components factor analysis with varimax rotation. This
samples collected had a larger scale (N = 419). in terms
of 13 items from previous research according to 1:10
ratio. We divided the samples into two groups, one used
for exploratory factor analysis (N = 210), the other used
for confirmatory factor analysis (N = 209), in order to get
results with cross validation.
The exploratory factor analysis yielded four factors, as
shown in Table 1. The factors with eigenvalues greater
than one that accounts for 69.254% of the total variance
and each factor accounted from 14.084% to 19.409 for
the variance. The load coefficient of each factor was
greater than 0.6. According to the content theories and
social norm theories, we explained and defined the four
factors as follows:
The first factor contains three items: salary, bonus and
job security. It reflects knowledge sharing player’s needs
for physiological and safety corresponds to the existence
needs of Alderfer’s ERG theory [12]. Thus, we defined it
as existence motivation.
The second factor contains four items: group mem-
bership, recognition of expertise, professionalism and
reputation & esteem. It reflects that knowledge sharing
player’s expectations to maintain his or her membership
and positive interpersonal or social relationship. Thus,
we defined it as relationship motivation.
The third factor contains three items: growth and de-
velopment, achievement and good self-feeling. It reflects
knowledge sharing player’s needs for feeling and growth.
Thus, we defined it as growth motivation.
The fourth factor contains three items: responsibility to
knowledge sharing as an organizational member; know-
ledge as a public good shared by people; knowledge be-
longs to organizations rather than individuals. It reflects
that knowledge sharing player’s desires to engage agree-
ments of the interacted group or organization. Thus, we
defined it as norm motivation.
By exploratory factor analysis, we found that the mo-
tivations to share knowledge are composed of four fac-
tors consisting of existence, relationship, growth and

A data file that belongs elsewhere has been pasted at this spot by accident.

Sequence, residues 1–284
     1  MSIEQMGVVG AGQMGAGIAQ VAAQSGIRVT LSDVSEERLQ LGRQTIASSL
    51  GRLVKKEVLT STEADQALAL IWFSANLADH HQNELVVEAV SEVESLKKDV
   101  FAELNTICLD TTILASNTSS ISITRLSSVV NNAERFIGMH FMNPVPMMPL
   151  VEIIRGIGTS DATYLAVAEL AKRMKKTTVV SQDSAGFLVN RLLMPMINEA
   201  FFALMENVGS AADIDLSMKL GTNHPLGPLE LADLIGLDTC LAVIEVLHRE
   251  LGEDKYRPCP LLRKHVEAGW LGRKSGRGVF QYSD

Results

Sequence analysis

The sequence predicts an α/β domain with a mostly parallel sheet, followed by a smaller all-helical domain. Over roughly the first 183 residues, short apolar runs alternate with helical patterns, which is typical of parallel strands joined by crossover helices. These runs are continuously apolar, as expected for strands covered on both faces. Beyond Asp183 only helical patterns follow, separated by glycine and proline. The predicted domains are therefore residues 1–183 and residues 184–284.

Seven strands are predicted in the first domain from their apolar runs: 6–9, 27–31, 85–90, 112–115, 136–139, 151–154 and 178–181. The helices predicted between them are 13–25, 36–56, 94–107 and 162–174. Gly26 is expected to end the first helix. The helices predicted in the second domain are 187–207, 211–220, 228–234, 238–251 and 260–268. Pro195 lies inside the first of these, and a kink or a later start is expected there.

Table 1. Results of exploratory factor analysis (N = 210).
Factor loading
1 2 3 4
1. Salary/ bonus to be increased 0.835 0.096 0.077 0.046
2. Reword to be received 0.764 0.27 0.208 0.002
3.Job security to be enhanced 0.615 0.237 0.035 0.344
4.Group Membership To Be Held 0.014 0.65 0.061 0.357
5. Expertise to be recognized 0.143 0.783 0.187 0.106
6. Status as expert to be got 0.26 0.799 0.124 0.022
7. Reputation and esteem 0.252 0.766 0.219 0.013
8.Learning more knowledge and growth & development 0.105 0.141 0.721 0.169
9. Achievement 0.034 0.178 0.856 0.176
10. Good self-feeling from knowledge sharing 0.014 0.153 0.819 0.17
11. Responsibility to share 0.049 0.153 0.366
12. Knowledge as a public goods, shared by people 0.065 0.067 0.269 0.837
13. Knowledge belonged to organizations rather than individuals0.039 0.072 0.045 0.892
Eigenvalues 1.831 2.523 2.285 2.364
The rate of variance explained % 14.084 19.409 17.575 18.186
A Factorial Validation of Knowledge-Sharing Motivation Construct 63
3.4. Confirmation of Knowledge-Sharing
Motivation Construct
On the basis of exploratory factor analysis, we used
AMOS 7.0 to conduct confirmatory factor analysis for
the construct of knowledge sharing motivation. To con-
firm whether the four-factor model is the optimization
model, according to the literature review above, we pro-
posed two candidate models including a two-component
model and a three-component model. Then, we compared
the three models to decide which one is the optimization
model. A two-component model was proposed according
to content theories of motivation and social motivation
theories. Existence, relationship and growth, each of
them is part of content theories, are integrated into one
component, norm is the other component which is in-
volved in social influence mechanisms. A three-compo-
nent model is to put the content motivations into two
categories: existence and relationship are involved in
external motivations and integrated into one component;
whereas growth is involved in internal motivation and
belongs to another component.
We used the other half of data to conduct confirmatory
factor analysis by AMOS 7.0, and got fit indices of the
three models, as shown in Tab le 2. Expectation value of
X2/df is 1, the more close to 1, the fitter the model is. If
X2/df < 3, the whole model is good [22]. If RMSEA <
0.05, the fitness is good; and if RMSEA < 0.08, the fit-
ness is acceptable [23]. There are other fit indices, such
as NFI, NNFI, GFI, CFI, IFI, the values between 0 and 1,
the bigger the value, the good the fitness. The usual re-
quirement is that these indices are bigger than 0.90.
Compared with these fitness requirements, the 4-com-
ponent model was the optimization model. The fit indices
showed the construct model fits the observed data very
well. Furthermore, we tested the reliability of four com-
ponents, and found the Cronbach α are 0.661, 0.804,
0.794 and 0.836, respectively. Except the reliability of
existence was a little low, the other components’ Cron-
bach α were bigger than 0.70. The whole Cronbach α is
0.831, indicating that the reliability of the four compo-
nents was good.